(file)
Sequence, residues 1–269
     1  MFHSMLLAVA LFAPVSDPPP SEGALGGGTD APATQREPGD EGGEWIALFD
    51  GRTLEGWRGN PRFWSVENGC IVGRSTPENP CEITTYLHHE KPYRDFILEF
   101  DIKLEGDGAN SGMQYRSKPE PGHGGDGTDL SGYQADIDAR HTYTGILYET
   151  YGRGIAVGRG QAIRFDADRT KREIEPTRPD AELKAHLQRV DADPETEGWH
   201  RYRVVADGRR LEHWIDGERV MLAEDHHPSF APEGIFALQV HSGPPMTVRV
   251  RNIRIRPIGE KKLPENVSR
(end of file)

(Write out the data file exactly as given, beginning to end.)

Sequence, residues 1–269
     1  MFHSMLLAVA LFAPVSDPPP SEGALGGGTD APATQREPGD EGGEWIALFD
    51  GRTLEGWRGN PRFWSVENGC IVGRSTPENP CEITTYLHHE KPYRDFILEF
   101  DIKLEGDGAN SGMQYRSKPE PGHGGDGTDL SGYQADIDAR HTYTGILYET
   151  YGRGIAVGRG QAIRFDADRT KREIEPTRPD AELKAHLQRV DADPETEGWH
   201  RYRVVADGRR LEHWIDGERV MLAEDHHPSF APEGIFALQV HSGPPMTVRV
   251  RNIRIRPIGE KKLPENVSR